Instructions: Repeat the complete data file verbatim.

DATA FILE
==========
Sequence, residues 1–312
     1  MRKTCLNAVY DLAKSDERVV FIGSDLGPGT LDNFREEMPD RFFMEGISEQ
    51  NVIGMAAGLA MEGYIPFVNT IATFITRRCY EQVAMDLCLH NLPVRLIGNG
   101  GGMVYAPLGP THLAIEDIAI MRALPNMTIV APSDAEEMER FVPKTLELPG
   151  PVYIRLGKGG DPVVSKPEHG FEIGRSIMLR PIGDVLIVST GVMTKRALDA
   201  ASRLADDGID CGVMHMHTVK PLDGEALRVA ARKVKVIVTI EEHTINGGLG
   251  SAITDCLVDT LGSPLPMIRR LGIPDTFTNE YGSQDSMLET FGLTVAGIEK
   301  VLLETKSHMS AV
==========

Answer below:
Sequence, residues 1–312
     1  MRKTCLNAVY DLAKSDERVV FIGSDLGPGT LDNFREEMPD RFFMEGISEQ
    51  NVIGMAAGLA MEGYIPFVNT IATFITRRCY EQVAMDLCLH NLPVRLIGNG
   101  GGMVYAPLGP THLAIEDIAI MRALPNMTIV APSDAEEMER FVPKTLELPG
   151  PVYIRLGKGG DPVVSKPEHG FEIGRSIMLR PIGDVLIVST GVMTKRALDA
   201  ASRLADDGID CGVMHMHTVK PLDGEALRVA ARKVKVIVTI EEHTINGGLG
   251  SAITDCLVDT LGSPLPMIRR LGIPDTFTNE YGSQDSMLET FGLTVAGIEK
   301  VLLETKSHMS AV